• Still from documentary Maker of Monsters: Meet Beau Dick (Supplied)
A poignant documentary explores the life and culture of one of Canada's most visionary artists.
By
Emily Nicol

1 May 2019 - 4:18 PM  UPDATED 1 May 2019 - 4:25 PM

If you can learn something about an artist through the works they produce, then the masks created by Kwakwaka'wakw man, Beau Dick will tell you of a mystic and a shaman committed to honouring his culture.

The late artist is the subject of the documentary Maker of Monsters: Meet Beau Dick, a moving feature which follows his life, career and activism. 

Born Benjamin Kerry Dick on Vancouver Island, British Columbia in 1955, he first learnt the art of traditional woodcarving from his father and grandfather at just six-years-old. As he grew older, he eventually gained master carvers such as Tony Hunt and Doug Cranmer as mentors. 

While his carving work began as an assistant to his family in creating totem poles — one of which remains among the world's tallest — Dick's calling lay in making masks.

His talent for combining traditional Indigenous techniques with contemporary influences such as Japanese anime, Mexican art and even European greats such as Da Vinci, makes him a standout in the art world, with critics citing him as 'one of the most important artists since contact'.

As art gallery owner LaTiesha Fazakas asserts in the documentary, 'anyone that has encountered a piece of Beau's immediately has an emotional reaction to it'. This is clear, even through a screen.

It's impossible to look at one of his masks and not be moved. The transportive effect of his work gained him a reputation as being not just an artist, but as a shaman and a conduit of the spirit world to the earthly realm, with his works not only being acquired for exhibitions and private collections, but also used for ceremonial practices.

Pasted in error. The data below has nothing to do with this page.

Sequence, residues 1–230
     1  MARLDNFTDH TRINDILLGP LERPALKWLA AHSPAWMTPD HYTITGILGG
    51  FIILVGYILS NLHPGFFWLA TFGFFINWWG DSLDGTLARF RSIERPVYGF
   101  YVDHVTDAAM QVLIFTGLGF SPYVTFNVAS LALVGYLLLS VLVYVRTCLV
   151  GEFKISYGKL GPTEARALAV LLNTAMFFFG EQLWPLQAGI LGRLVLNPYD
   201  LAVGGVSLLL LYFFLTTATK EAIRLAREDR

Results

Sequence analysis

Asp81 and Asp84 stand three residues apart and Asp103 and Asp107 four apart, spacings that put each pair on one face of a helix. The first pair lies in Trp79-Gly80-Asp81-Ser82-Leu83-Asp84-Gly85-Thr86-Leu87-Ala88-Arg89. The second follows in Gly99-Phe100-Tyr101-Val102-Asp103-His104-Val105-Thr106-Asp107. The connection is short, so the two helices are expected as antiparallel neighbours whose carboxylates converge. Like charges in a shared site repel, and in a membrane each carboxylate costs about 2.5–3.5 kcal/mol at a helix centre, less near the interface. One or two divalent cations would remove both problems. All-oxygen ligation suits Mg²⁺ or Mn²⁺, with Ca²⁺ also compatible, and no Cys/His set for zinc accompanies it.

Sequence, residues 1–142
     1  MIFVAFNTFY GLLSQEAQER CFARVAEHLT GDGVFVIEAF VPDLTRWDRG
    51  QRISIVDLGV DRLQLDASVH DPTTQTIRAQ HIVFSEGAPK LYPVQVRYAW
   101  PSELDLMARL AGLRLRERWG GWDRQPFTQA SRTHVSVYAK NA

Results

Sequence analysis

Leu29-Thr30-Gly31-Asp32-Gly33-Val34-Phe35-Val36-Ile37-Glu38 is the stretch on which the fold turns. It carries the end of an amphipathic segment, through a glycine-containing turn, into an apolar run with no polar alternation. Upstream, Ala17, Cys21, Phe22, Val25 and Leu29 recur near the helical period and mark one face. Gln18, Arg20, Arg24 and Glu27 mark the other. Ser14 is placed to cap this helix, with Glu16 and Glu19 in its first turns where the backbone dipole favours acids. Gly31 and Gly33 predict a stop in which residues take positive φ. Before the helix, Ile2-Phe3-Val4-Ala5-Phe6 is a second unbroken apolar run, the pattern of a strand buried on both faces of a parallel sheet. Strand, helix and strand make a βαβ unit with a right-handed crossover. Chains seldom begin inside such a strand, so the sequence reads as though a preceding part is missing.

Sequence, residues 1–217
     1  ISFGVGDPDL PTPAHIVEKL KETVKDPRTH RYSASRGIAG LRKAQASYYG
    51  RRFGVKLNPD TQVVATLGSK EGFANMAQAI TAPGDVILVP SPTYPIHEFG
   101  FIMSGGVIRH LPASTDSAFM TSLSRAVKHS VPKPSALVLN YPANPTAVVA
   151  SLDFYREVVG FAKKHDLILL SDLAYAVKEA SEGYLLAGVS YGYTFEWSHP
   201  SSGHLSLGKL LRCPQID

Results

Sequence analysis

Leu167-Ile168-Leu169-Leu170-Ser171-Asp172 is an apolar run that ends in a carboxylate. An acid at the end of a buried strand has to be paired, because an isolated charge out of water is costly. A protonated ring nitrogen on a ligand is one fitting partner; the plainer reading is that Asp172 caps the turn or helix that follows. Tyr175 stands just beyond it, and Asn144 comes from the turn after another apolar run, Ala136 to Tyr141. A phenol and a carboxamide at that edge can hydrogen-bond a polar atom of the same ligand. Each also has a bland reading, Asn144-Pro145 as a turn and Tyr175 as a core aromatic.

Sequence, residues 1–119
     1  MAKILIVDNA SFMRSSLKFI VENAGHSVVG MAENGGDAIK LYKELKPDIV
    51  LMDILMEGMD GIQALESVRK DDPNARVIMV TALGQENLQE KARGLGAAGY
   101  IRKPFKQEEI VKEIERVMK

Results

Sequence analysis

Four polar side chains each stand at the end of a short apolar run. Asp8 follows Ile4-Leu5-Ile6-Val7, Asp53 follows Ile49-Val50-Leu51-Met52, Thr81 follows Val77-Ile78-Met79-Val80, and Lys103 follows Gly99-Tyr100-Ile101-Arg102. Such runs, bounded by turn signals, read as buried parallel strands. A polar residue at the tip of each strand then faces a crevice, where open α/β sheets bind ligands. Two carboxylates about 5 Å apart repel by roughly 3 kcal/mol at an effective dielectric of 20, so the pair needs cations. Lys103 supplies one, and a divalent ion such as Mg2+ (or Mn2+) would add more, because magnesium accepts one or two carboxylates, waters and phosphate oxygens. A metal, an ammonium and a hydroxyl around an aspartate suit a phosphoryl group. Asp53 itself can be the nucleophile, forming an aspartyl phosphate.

A part of Beau's family heritage is the tradition of a 'potlatch': 'a gift-giving feast practised by Indigenous peoples of the Pacific Northwest Coast of Canada and the United States, among whom it is traditionally the primary economic system'.

This tradition was banned after European contact as part of colonisation. Today, what was once driven underground has gradually been given a new life and a revival amongst First Nations communities and it's there in his community that his craftsmanship was really brought to life.

With a rare glimpse into this tradition, we see the difference of masks made for sale and masks made for ceremony (called 'atlakim') and have a very specific purpose.

"Their lifetime is four times dancing around the fire and they’re recycled," Dick describes in an interview.

"What I mean is that they’re sent back to the spirit world where they came from. The greatest thing about it is that once they’re burned, we carve them again.”

In his own words, what Dick reveals through the documentary is his connection and belief in the interconnectedness of nature and the animal world to his own culture and humanity as a whole, making this not only a journey in to an artistic genius realm, but a commentary about the fight for the environment and the impact of cultural genocide.

Featuring Dr David Suzuki, Dick's two daughters and other activists, audiences are given an insight into the basis of First Nations belief systems and the fight to convince the Canadian government to listen to the voices of the traditional custodians of the land.

As Dr Suzuki, a geneticist points out, humans are not genetically that different from all of the natural world that surrounds us.

"You treat them very differently when you realise that the plants and animals are our relatives, as First Nations people have always understood and describe." He explains.

This belief that you can see clearly underpins much of the artists work throughout his career.

The impact of Canada's residential schools, which Dick's own mother was sent to, is also touched on and footage of a traditional ceremony, the copper-cutting performed by the late artist on the steps of government demonstrates how the man was deeply, and humbly committed to ensuring the survival of the values of his people.

Dick also struggled with addiction. A form of survival which was achieved through a journey to sobriety. These depths of his own struggles and his wider community, form the basis of the legacy of the artist.

Beyond the physical representation of his art, in the words of the many whose lives that he touched, whether as a woodcarver, fellow activist, teacher or father he will be remembered as a powerful voice for his people, a 'storyteller' and a charismatic, mischievous mystic whose ability to transport others will live on through his work.

The acclaimed documentary Maker of Monsters: Meet Beau Dick airs Tonight, 9.30am on NITV (Ch. 34) and is available on SBS On Demand